Despite leanings towards moderation and religious-cultural pluralism, Islamic revivalism is organised and commands public support in Bangladesh.
Durga Puja is the biggest annual Hindu Bengali festival. The festive season coincides with the nine days comprising Navratri, and culminates on the tenth day, Dashami or Dussehra. This year, the festive season was marred in Bangladesh by violence targeting Durga Puja venues after Bangladesh Jamaat-e-Islami and affiliates claimed Hindus desecrated the Quran by placing it derogatorily on Lord Hanuman’s lap or, as potent rumours claimed, at Goddess Durga’s feet.
On the back of rumour-mongering over social media, multiple Puja venues, Hindu homes and temples were attacked. As of this writing, news of fresh attacks are still coming in. This is an attempt to contextualise the attacks and the situation prevailing in Bangladesh.
Jamaati allegations of Quran desecration are born out of creedal assumptions about religions being in conflict with each other. Jamaatis believe every religion is like their own, defined at their core by the aim of achieving supremacy over other religions and manifesting its strictures as law of the land.
Iconoclasm, the act of destroying false places of worship and demeaning false objects of worship, gains its significance as a gesture constitutive of Islam’s victory and shirk’s defeat. In Islamic lexicon, shirk means wrongful association of divinity with false gods, idols, belief in multiple gods etc.
Invested in the clash of religions, it did not occur to the Jamaatis that Hindus have no compulsion to insult or demean Islam or other religions, during festivals or otherwise. Unlike Islamic ghazis taking pride in breaking idols, razing false houses of worship and erecting mosques at those spots (read: Babri Masjid in Ayodhya) as religious deeds acquiring highest merit, there is no psychological need or religious requirement for a Hindu to place the Quran at a Hindu deity’s feet, much less their lap. Solemn occasions in Hinduism are not spent thinking up ways to insult Islam.
Moreover, Hindus revere Goddess Durga and Lord Hanuman so greatly that they are likely to consider being placed at her feet or his lap an unparalleled blessing. If Hindus wanted to demean the Quran, they would have placed it in the hands of Mahishashura or in the mouth of the ten-headed Ravan on Ramleela, not at Ma Durga’s feet or Lord Hanuman’s lap.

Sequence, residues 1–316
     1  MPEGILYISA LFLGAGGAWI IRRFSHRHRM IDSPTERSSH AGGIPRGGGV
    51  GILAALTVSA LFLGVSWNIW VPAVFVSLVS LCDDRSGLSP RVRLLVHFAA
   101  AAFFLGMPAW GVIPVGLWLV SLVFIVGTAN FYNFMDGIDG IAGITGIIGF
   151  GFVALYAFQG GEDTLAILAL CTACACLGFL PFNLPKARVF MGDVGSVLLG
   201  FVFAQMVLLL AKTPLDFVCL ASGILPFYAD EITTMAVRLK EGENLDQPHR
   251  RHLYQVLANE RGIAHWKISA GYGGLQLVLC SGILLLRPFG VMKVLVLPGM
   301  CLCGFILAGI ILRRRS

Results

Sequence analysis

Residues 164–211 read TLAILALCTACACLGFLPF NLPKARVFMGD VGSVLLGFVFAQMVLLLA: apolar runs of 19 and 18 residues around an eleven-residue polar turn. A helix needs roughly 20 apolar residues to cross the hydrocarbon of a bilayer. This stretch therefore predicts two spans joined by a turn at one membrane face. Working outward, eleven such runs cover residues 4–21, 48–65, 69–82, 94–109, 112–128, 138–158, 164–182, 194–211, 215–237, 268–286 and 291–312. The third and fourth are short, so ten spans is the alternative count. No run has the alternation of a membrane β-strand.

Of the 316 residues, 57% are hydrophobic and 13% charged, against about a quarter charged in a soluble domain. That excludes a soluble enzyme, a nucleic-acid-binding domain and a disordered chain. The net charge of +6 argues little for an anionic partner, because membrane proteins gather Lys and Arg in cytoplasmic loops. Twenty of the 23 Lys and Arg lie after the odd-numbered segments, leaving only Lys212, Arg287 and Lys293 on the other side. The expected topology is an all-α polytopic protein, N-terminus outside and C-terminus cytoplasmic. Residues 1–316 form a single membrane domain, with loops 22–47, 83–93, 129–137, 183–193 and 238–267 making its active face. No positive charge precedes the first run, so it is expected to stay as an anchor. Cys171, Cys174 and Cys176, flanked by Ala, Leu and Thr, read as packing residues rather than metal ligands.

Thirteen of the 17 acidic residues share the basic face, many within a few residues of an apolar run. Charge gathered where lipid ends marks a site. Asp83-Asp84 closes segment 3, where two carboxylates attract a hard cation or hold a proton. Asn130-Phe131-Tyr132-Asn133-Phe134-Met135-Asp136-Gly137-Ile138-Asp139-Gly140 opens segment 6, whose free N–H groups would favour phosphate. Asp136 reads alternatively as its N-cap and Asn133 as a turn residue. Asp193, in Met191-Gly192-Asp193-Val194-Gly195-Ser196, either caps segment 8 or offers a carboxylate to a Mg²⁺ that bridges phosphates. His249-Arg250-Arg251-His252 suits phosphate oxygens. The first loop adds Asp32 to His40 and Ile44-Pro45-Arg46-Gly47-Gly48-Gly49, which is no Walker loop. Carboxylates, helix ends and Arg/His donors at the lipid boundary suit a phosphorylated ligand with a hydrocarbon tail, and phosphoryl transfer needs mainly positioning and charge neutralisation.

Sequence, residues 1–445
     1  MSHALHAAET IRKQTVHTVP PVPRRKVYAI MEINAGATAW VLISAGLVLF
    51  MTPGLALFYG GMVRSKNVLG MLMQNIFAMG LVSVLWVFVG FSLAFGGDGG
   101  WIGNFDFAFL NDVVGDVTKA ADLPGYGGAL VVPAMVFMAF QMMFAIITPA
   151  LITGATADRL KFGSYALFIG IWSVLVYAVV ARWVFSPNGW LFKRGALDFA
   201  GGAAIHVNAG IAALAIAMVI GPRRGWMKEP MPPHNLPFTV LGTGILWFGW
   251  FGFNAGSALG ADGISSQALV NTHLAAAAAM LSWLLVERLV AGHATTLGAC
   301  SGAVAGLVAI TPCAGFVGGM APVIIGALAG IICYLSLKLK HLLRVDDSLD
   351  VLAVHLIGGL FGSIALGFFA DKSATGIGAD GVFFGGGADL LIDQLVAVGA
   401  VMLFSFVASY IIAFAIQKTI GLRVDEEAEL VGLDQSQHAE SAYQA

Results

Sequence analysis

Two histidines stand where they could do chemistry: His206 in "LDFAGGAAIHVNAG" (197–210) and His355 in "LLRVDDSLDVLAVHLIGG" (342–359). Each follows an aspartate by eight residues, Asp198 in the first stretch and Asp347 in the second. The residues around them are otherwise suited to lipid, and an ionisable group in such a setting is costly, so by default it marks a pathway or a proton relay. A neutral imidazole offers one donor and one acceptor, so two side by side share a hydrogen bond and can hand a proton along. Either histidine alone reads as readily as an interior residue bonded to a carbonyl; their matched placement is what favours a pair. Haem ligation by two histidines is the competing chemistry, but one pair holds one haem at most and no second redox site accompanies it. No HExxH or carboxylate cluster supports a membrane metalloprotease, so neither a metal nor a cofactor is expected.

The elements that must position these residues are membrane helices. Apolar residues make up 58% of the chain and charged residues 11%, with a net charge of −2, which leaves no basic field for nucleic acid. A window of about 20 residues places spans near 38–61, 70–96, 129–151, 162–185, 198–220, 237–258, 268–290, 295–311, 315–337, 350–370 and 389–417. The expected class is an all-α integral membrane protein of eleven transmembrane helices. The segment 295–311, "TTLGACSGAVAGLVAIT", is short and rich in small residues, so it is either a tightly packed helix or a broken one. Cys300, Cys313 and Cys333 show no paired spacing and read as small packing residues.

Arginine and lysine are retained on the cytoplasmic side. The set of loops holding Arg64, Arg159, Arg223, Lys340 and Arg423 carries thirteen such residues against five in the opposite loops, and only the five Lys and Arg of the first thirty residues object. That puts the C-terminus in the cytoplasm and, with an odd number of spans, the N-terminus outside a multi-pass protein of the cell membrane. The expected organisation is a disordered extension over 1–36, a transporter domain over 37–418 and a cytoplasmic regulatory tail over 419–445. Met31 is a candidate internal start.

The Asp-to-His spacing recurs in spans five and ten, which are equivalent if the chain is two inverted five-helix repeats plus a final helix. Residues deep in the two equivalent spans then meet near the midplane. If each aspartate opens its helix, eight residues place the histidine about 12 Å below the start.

Manufacturing a pretext to attack shirk is a choice weapon emanating from Jamaat-e-Islami founder Abul A’la Maududi’s arsenal. In Tafhim-ul-Quran, his masterpiece, he opined notwithstanding the status of lying as a grave sin in Islam, practical life necessitates the telling of lies, and thus it is not only permitted but mandatory.
Bangladesh watchers know accusing religious minorities of desecrating the Quran is a standard technique employed by Jamaatis to foist culpability on them, which then serves as a pretext to attack them. Accusations of blasphemy rang loud in 2017 after copies of the Quran were found defecated on, provoking a massive wave of persecution in which hundreds of Hindu homes were torched in a single night.
It was later discovered the man who defecated on the Quran was Muslim. In 2016, the innocuous event of a Hindu minor sharing an already circulating photo of Lord Shiva sitting atop the Kaaba invited fundamentalist wrath.
In 2012, Buddhists were blamed for burning a copy of the Quran, leading to a conflagration resulting in the destruction of 2000 Buddhist homes. Jamaati instigation is pivotal in these attacks on minorities and their religious places of worship which are carried out with specific intent to demean sacred objects, break idols, loot precious items and put adherents of the false religions to the sword.
The ghost of Maududi looms large behind every false accusation of Quran/Islam desecration. With such illustrious precedent, it is a matter of small importance whether the Quran was planted at the deity’s feet or morphed photos were circulated. The net result is the same: virtuous lying to further the cause.
Parties Of Islam